As a consequence, speakers and planning-committee experts at a 2008 workshop organized by the Institute of Medicine (IOM) of the US National Academy of Sciences concluded that precipitation-based methods are inadequate for metals testing and should be replaced by instrumental methods offering greater specificity and sensitivity (1). More specifically, the experts recommended inductively coupled plasma–mass spectrometry (ICP–MS) and inductively coupled plasma–optical emission spectrometry (ICP–OES) because they are selective, sensitive, robust, and detect metals of interest at much lower levels than precipitation-based techniques. Keeping pace with these developments, in 2010 USP began the process of introducing two new chapters, <232> and <233>, to replace <231> for the monitoring of elemental impurities in pharmaceuticals. Since the proposed chapters were first presented, they have gone through several revisions and comment periods.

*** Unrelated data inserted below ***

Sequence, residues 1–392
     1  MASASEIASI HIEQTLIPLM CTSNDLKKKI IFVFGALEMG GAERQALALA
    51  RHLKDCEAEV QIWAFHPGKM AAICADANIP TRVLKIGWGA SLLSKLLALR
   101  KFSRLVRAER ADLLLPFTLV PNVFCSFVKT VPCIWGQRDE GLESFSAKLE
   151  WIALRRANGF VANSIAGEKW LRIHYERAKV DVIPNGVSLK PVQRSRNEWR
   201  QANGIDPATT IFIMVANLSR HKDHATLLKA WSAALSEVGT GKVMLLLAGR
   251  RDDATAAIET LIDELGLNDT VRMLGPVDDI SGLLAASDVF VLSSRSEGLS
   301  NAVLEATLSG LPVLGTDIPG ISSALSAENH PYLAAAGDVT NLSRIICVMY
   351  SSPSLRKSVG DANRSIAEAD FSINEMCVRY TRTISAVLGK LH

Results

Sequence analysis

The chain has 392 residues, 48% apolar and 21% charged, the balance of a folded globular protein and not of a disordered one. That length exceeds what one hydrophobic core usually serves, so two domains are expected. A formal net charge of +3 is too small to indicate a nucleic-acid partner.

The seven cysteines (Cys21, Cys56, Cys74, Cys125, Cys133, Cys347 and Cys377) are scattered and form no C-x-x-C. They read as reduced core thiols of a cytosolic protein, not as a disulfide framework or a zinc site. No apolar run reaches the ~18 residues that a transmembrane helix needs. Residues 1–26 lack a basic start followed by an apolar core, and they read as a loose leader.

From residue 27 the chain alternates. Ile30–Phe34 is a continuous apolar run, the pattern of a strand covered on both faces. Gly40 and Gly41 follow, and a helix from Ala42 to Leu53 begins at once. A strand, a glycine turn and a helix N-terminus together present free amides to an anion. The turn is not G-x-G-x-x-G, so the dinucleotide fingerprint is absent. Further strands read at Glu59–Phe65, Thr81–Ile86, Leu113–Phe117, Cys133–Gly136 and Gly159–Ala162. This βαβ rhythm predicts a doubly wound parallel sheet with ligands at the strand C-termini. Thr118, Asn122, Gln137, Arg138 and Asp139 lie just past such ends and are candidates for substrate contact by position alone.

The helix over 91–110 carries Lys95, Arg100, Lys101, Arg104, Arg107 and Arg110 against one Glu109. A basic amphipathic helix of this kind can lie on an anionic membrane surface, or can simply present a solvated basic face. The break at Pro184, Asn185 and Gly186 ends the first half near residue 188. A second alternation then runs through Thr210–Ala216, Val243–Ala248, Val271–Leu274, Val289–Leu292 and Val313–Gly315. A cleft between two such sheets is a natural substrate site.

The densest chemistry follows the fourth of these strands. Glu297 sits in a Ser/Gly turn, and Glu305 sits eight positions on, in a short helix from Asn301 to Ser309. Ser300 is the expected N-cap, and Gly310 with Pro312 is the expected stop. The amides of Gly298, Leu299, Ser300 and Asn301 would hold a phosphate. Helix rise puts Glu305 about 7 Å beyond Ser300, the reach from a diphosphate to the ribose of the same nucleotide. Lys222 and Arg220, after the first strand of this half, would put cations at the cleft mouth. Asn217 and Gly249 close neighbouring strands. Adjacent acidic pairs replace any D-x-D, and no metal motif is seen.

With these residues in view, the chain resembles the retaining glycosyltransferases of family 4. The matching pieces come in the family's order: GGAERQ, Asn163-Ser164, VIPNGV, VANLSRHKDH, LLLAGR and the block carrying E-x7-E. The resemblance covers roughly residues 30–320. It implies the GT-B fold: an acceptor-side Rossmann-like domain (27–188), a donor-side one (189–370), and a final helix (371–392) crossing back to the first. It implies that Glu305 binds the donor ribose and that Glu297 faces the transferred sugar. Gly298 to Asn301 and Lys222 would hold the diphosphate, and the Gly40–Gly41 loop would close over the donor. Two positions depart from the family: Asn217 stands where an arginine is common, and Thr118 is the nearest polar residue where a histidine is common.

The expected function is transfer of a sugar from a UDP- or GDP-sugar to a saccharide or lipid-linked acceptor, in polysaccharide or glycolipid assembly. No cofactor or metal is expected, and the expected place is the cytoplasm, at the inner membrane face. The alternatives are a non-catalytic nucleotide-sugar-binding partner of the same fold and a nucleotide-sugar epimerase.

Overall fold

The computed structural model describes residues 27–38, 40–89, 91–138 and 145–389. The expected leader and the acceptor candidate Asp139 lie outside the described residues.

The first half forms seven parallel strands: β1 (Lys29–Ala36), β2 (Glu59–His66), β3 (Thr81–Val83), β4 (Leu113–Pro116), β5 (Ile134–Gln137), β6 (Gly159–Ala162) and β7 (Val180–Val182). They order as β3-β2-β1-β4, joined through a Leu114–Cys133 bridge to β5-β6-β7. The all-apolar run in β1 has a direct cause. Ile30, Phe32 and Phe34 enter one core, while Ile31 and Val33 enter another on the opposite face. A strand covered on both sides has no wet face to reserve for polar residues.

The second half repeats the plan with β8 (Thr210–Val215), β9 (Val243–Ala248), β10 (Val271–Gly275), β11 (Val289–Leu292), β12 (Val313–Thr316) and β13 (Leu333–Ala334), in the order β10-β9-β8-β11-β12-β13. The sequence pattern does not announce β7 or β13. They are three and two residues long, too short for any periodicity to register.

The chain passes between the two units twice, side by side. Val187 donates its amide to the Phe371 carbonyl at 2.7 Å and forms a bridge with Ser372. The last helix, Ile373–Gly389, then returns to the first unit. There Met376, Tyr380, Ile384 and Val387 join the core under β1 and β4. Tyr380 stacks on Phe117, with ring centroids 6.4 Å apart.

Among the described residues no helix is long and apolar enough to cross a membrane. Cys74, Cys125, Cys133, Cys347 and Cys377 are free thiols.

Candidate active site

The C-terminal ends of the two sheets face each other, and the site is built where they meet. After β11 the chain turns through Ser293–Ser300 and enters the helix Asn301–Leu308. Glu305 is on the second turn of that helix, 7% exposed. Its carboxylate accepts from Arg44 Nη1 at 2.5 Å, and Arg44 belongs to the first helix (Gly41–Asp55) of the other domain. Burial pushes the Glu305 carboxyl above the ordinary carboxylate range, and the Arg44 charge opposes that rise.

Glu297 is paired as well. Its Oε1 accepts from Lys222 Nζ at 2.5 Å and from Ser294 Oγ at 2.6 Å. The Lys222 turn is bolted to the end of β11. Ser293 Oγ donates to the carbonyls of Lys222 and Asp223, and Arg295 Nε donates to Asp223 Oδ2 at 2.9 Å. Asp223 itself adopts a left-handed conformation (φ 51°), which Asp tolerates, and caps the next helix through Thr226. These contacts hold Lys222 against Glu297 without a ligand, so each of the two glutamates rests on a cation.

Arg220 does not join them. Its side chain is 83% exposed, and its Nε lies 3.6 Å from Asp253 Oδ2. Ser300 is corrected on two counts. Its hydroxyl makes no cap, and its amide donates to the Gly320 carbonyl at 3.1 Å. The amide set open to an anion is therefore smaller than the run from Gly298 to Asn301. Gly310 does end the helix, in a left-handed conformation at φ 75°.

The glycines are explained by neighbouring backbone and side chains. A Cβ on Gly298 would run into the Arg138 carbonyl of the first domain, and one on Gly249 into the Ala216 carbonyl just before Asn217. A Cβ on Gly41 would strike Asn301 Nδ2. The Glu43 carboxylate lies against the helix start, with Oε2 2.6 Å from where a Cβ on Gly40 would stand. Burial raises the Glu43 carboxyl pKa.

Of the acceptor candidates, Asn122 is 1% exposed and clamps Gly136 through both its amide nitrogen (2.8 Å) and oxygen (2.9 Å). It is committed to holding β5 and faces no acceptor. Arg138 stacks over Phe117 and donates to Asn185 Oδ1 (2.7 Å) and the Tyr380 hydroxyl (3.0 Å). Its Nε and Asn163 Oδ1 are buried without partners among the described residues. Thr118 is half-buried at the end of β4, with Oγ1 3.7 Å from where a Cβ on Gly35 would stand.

In May 2011, the USP Expert Panel on Elemental Impurities further revised the proposed general chapters <232> and <233> to address the feedback it had received. The revised proposals appeared in Pharmacopeial Forum (PF). The chapters have since been presented for an additional comment period to ensure that the chapter requirements are clear to all users and to obtain any final input. All comments were due in July 2011 (2).

Proposed chapter